In November, at the White House, in his first face-to-face meeting with Bush, the president-elect pleaded for a major commitment of guns and money.18 He received the president’s energetic blessing—perhaps no surprise given that three years earlier Bush had initiated his own “war of choice.” Four months later, at a March 2007 presidential meeting in Merida, Mexico, the leaders finalized the terms of a billion-plus dollar U.S. commitment to providing weapons, intelligence-gathering equipment, and training.19

But while Calderón had taken steps to arrange for backup, he had not fully grappled with the weakness of the Mexican armed forces under his command, nor had he fully assayed the strengths of his enemy.

The spectacular desertion rates in the military under Fox called for measures beyond a modest raise in pay.20 And sending the army to deal with criminal disorder in the middle of Mexico’s cities would require a lengthy training period, for which his blitzkrieg war plan made no provision. Perhaps here Calderón was unduly influenced by U.S. Secretary of Defense Donald Rumsfeld, who, when responding in December 2004 to complaints from front-line soldiers in Iraq about a dangerous lack of preparation, issued his famous dictum: “you go to war with the army you have—not the army you might want or wish to have at a later time.”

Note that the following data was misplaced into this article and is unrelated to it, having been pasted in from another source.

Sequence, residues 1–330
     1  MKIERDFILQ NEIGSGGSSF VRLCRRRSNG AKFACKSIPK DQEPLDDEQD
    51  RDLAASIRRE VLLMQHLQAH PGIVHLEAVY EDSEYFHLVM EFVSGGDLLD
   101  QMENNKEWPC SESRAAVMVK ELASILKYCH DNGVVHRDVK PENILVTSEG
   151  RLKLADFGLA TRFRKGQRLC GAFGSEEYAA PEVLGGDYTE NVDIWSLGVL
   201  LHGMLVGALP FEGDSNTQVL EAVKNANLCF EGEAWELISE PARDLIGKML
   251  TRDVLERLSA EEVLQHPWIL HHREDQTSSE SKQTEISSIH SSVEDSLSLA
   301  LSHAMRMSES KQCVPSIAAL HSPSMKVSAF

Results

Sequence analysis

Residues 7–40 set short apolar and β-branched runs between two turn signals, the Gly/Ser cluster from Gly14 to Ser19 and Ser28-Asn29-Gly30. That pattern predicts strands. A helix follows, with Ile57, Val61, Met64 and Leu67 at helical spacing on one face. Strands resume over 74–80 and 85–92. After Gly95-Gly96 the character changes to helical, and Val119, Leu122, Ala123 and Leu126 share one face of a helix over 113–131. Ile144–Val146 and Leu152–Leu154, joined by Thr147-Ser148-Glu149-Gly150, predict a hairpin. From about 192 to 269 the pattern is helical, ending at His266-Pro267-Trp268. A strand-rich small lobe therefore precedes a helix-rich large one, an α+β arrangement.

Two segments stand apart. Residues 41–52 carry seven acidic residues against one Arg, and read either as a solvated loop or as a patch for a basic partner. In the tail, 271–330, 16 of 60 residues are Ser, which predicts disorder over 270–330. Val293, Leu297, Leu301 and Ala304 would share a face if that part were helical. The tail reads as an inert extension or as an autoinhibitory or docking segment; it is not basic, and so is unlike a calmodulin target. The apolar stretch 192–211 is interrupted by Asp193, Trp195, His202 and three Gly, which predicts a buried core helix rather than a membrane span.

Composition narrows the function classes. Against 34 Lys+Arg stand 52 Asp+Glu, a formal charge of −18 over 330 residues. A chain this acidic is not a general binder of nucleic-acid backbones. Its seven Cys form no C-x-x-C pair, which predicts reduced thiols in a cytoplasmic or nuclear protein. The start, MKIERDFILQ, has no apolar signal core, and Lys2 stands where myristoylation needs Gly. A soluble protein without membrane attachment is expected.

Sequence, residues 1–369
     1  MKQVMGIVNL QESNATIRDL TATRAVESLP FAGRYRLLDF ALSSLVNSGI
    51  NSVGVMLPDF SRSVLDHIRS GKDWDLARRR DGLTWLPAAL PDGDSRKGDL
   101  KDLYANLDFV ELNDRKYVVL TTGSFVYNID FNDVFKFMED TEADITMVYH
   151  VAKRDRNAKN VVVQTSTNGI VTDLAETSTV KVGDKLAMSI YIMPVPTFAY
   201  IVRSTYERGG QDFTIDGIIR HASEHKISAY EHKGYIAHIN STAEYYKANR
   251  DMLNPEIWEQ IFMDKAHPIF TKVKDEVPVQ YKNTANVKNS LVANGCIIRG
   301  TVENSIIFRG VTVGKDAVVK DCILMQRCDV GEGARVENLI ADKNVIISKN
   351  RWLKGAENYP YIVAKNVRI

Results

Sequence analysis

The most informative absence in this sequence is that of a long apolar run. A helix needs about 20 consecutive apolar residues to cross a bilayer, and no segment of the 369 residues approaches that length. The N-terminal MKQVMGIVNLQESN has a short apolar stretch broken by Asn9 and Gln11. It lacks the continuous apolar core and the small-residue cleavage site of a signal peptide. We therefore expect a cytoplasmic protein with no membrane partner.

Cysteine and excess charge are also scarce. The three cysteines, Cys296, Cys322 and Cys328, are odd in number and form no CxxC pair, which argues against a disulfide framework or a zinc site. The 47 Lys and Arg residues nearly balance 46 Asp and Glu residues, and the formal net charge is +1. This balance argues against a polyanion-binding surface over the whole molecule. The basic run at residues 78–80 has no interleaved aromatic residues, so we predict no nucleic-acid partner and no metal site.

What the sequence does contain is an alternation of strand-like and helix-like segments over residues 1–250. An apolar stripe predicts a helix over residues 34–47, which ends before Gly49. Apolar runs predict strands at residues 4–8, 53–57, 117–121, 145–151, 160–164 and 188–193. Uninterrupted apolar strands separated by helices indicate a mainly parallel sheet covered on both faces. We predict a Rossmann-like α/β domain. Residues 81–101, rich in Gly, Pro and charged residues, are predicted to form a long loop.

Conceivably Calderón’s proposed centralizing of the national police forces—bringing the Federal Preventive Police and the Federal Investigation Agency under a single command—might mitigate corruption. But the fantastic amounts of money gangsters could bring to bear might have given a more prudent man pause. Nor was significant attention paid to the nation’s roughly two thousand local police forces—which were at best useless, and more often than not active adjutants of the cartels—other than a willingness to evict them from office wholesale, or, if need be, have federal forces shoot them down.